Some people feel very sick while travelling in an airplane, boat, train, or car. They may feel queasy or nauseous or may vomit, and they may have a headache. This condition is called motion sickness.
Children are more susceptible to motion sickness than adults. More than half of children experience motion sickness when travelling by car ("carsickness"). Motion sickness is most commonly experienced when travelling by ship, with estimations that up to 100% of travellers experience "seasickness."
Motion sickness is rare in those under 2 years of age, but is most common between ages 3 and 12. Women experience motion sickness more than men. It also occurs more often in women during menstrual cycles and pregnancy.
When you are in a vehicle that moves continuously with relatively slow and prolonged motion, the organ of balance in your inner ear may be affected, causing motion sickness. Motion sickness is likely to happen if you are also worried about having an attack, if the air is stuffy or filled with fumes, or if you have just eaten a big meal. Looking at food can make motion sickness worse.
In motion sickness, a discrepancy exists between the motion that is expected to occur and the actual motion sensed by the organ of balance in the inner ear. These unexpected signals translate into a confused message by the brain, leading to the development of symptoms.
Generally, symptoms disappear once the brain adapts to the new pattern of motion. Two neurotransmitters (chemicals that relay messages to cells within the brain) - acetylcholine and dopamine - are thought to play an important role in causing motion sickness.
Symptoms and Complications
Mild motion sickness may cause a headache and make someone feel a little uncomfortable with mild nausea. Other symptoms include dizziness, fatigue, and weakness. In severe cases, you may become very anxious, sweat or salivate a lot, become pale and nauseous, and start to vomit.
Symptoms of motion sickness usually go away after the motion has stopped but may take up to 3 days to completely resolve. There are no serious complications of motion sickness to worry about, unless vomiting continues to the point where you become dehydrated.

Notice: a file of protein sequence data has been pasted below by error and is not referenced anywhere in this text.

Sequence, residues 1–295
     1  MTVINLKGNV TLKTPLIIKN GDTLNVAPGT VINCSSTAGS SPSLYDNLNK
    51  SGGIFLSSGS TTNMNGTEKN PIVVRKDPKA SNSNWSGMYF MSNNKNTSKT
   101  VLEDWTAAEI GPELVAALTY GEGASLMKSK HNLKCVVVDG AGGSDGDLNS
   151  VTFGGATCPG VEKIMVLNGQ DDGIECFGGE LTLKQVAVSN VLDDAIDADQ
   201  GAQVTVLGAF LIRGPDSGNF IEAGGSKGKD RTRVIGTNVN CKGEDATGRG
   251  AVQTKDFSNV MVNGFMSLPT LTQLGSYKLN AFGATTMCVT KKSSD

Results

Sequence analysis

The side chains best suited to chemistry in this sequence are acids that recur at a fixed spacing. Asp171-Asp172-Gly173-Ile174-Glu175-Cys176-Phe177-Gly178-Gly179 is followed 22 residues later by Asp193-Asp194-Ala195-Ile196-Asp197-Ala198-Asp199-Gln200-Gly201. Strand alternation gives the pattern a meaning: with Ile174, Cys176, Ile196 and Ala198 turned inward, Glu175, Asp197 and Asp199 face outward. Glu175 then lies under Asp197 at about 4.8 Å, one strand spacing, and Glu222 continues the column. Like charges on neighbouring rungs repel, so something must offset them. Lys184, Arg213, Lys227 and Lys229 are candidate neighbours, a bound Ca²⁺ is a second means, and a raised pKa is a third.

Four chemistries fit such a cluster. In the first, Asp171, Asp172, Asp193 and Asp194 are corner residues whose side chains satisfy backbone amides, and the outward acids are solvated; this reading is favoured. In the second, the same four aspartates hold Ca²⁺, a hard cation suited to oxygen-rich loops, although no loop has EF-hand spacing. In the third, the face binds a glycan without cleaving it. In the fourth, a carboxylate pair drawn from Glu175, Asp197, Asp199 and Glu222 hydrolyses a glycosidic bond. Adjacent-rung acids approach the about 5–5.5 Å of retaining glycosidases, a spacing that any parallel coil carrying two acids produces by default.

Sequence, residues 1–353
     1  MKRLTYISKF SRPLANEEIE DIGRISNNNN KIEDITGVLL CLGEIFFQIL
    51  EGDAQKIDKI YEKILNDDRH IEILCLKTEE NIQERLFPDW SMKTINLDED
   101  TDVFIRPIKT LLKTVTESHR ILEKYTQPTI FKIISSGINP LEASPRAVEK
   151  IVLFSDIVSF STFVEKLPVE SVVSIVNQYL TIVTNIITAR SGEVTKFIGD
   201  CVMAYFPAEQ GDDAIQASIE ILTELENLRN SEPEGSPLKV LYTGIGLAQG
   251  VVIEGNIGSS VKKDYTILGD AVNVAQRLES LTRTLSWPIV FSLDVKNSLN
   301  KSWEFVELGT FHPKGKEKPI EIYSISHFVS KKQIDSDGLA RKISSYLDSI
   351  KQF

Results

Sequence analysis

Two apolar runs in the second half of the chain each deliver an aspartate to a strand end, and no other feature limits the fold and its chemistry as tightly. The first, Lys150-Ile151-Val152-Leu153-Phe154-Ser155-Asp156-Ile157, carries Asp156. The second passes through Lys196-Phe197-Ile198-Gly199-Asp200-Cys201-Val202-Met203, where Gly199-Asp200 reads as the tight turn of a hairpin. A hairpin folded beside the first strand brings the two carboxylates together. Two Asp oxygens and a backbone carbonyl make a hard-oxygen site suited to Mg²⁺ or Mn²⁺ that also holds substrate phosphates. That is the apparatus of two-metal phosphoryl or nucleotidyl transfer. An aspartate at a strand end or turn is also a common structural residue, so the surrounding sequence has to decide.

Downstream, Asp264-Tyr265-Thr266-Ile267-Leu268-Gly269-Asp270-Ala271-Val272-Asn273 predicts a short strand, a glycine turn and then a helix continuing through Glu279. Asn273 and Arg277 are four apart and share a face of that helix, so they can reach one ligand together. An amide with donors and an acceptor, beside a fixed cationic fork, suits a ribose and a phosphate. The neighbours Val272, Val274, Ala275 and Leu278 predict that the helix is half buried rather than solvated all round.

Making the Diagnosis
A diagnosis of motion sickness is made by observing the symptoms and signs and determining that they occur only while you are "in motion."
Treatment and Prevention
There are several medications available to manage motion sickness. These medications are available in various forms, including oral tablets, rectal suppositories, and transdermal patches.
Antihistamines such as dimenhydrinate* and diphenhydramine are available in pharmacies without a prescription. They work best when they are taken 30 minutes to an hour before a journey. Some medications such as meclizine or scopolamine are longer-acting than others and work best for longer journeys. Scopolamine is a patch that should be applied 12 hours before travelling.
Since antihistamine medications that are used for motion sickness tend to cause drowsiness, it is best not to drive a vehicle, operate machinery, or do anything that requires full concentration when taking them. It is important not to take antihistamine medications with alcohol, sleeping medications, or tranquilizers unless instructed to do so by your doctor. A few people may experience side effects such as blurred vision, headache, or stomach ache from taking antihistamines. A small number of people may have trouble urinating and may have palpitations (abnormal heartbeat). If this occurs, contact your doctor.
There is an increased chance of side effects when combining antihistamines with other medications or alcohol in seniors. Motion sickness medications should never be given to babies and very young children. They can become agitated and could possibly experience a life-threatening convulsion if given too much of the medication.
Ask your doctor for advice before taking motion sickness medications, especially if you're feeling constipated, are pregnant, have a history of heart rhythm problems, or have a stomach ulcer, narrow angle glaucoma, or an enlarged prostate.
Non-medicinal ways to reduce motion sickness include sitting where there is the least motion. For example, sitting over the wings in airplanes or in the front seat of a car (except children) or in the central location of a boat can help. A semi-reclined position with the head braced is best. Reading should be avoided.
People who suffer from motion sickness should avoid the following before or during travel:
- dairy products
- foods high in salt, protein, or calories
- large meals
- unpleasant odours
If you read or look at nearby objects, or look at things going by such as the scenery in your trip, motion sickness could get worse. It is better to focus on objects on the horizon.
Other treatments such as wristbands and magnets may be helpful, but there is little information available about their effectiveness.
*All medications have both common (generic) and brand names. The brand name is what a specific manufacturer calls the product (e.g., Tylenol®). The common name is the medical name for the medication (e.g., acetaminophen). A medication may have many brand names, but only one common name. This article lists medications by their common names. For information on a given medication, check our Drug Information database. For more information on brand names, speak with your doctor or pharmacist.